SMTP is an application that mail servers use to transmit, receive, and relay outgoing email messages between senders and recipients. An email is sent over a network using a technical mechanism known as Simple Mail Transfer mechanism (SMTP). Similar to other networking protocols, SMTP permits data transfer between PCs and servers regardless of the hardware or applications being used on top of them. Standardizing email transmission over SMTP enables widespread email delivery, much like standardizing envelope addressing makes it possible for the postal service to operate.

SMTP is a mail delivery protocol and not a mail retrieval protocol. After delivery by the postal service, the letter must still be picked up by the receiver from the mailbox. In a manner similar to this, SMTP transmits emails to email providers’ mail servers, but separate protocols are used to retrieve those emails from the mail servers so that recipients can view them.

Each networking protocol has a specific process for exchanging data. SMTP describes a procedure for data transmission between an email client and a mail server Ubuntu. An email client is a computer program or web application that a user uses to access and send emails. Users use specialized computers for sending, receiving, and forwarding emails; they do not interact directly with mail servers.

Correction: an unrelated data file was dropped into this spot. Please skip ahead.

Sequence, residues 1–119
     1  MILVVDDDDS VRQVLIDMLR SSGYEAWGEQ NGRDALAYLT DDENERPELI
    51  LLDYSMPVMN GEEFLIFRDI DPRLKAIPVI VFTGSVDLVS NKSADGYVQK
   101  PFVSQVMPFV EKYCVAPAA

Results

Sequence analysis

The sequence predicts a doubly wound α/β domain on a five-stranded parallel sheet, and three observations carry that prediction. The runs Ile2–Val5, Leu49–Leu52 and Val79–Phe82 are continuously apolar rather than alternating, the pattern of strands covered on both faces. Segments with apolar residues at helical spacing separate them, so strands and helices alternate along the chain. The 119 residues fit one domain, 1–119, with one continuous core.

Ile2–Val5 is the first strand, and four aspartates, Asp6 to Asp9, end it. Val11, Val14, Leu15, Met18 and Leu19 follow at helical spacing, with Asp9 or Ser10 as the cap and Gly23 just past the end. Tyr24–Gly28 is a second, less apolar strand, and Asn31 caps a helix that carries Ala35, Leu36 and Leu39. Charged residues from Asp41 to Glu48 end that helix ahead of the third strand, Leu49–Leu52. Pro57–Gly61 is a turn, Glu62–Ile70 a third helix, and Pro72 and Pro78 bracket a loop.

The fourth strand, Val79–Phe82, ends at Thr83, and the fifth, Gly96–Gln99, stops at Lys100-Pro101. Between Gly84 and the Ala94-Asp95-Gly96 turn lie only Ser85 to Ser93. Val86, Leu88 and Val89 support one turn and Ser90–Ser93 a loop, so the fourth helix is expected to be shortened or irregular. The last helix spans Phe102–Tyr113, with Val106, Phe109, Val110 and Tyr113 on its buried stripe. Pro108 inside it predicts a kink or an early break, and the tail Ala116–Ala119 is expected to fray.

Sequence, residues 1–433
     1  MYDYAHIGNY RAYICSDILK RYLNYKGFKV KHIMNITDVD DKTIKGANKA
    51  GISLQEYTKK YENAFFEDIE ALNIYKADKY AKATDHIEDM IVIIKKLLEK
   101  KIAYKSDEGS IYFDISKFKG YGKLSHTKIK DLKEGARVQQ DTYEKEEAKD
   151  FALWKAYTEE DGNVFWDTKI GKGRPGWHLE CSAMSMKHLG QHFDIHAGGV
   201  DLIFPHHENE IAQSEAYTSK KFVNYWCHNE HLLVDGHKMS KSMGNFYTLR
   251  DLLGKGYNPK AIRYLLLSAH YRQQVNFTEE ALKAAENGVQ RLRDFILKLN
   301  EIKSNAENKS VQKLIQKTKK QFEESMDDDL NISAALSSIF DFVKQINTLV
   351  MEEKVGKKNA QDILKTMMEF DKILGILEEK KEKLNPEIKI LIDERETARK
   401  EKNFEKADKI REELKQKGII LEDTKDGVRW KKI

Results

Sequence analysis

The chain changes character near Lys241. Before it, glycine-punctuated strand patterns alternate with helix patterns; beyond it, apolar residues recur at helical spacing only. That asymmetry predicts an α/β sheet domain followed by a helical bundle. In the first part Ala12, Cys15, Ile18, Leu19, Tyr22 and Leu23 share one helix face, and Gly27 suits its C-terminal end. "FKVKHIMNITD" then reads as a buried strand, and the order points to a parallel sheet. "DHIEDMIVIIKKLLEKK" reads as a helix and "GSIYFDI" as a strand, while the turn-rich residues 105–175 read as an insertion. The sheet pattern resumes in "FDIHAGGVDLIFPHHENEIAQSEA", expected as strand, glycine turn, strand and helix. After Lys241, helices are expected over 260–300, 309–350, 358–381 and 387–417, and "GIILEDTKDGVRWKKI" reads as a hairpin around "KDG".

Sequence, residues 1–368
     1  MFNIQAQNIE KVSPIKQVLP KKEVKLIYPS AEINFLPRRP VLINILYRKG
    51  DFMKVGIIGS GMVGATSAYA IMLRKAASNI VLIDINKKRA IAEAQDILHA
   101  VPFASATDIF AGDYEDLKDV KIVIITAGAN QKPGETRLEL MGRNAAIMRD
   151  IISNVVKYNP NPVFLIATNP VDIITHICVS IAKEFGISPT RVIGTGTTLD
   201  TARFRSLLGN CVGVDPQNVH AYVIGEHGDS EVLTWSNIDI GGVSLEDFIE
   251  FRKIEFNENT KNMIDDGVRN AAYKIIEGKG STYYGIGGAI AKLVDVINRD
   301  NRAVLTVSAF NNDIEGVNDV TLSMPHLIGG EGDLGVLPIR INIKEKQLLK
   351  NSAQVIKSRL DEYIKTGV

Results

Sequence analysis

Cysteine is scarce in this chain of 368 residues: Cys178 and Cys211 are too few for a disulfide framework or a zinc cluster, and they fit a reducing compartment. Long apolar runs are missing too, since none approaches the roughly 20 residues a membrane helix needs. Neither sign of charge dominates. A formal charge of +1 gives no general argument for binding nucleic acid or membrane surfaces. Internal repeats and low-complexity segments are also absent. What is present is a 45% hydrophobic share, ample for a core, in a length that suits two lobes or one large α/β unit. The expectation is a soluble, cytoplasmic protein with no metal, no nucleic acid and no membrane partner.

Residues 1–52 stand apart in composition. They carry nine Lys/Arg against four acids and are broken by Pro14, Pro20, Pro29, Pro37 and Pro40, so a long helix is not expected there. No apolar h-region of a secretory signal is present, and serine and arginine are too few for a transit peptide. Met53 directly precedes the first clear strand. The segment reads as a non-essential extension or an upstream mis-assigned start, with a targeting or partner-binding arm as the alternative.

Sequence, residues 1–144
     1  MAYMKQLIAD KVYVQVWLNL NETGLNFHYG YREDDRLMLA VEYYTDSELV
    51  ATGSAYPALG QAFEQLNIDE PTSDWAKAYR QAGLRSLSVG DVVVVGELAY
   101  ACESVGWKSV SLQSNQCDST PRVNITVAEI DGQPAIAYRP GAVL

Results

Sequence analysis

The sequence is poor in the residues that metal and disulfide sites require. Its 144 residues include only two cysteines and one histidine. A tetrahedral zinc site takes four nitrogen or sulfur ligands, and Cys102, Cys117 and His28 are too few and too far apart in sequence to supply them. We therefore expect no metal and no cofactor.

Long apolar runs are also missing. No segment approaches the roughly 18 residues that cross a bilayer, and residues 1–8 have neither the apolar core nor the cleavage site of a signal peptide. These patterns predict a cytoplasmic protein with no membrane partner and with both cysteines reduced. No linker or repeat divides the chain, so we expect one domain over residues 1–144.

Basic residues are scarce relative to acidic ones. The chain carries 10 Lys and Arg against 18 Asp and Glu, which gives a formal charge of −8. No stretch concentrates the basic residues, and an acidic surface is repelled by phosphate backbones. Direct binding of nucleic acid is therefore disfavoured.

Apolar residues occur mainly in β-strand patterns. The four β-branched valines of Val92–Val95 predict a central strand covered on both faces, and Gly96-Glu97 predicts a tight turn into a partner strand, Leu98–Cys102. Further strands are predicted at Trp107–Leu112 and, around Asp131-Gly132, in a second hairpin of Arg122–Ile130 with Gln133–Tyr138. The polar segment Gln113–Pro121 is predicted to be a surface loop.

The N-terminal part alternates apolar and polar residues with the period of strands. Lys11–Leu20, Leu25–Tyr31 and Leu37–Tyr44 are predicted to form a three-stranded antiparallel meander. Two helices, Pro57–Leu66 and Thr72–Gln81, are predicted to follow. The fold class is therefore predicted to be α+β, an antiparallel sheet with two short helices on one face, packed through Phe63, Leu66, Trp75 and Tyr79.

What makes an SMTP server useful?

You have already read about the Top 15 Linux Mail Servers and comprehended how the Ubuntu mail server functions. When communicating via email, it is crucial to send emails securely and as soon as possible to your recipient. Unfortunately, if there isn’t an SMTP server, your email won’t get to the target destination. When you click Send, the email transforms into a string of code that is then transmitted to the SMTP server, which decodes the code to convey the message. If the SMTP server didn’t process the message, it wouldn’t translate. The SMTP server additionally verifies if a working account is being used to send the email. The email server confirms that the message was sent from an active or functional email account in order to safeguard your mailbox from spam email.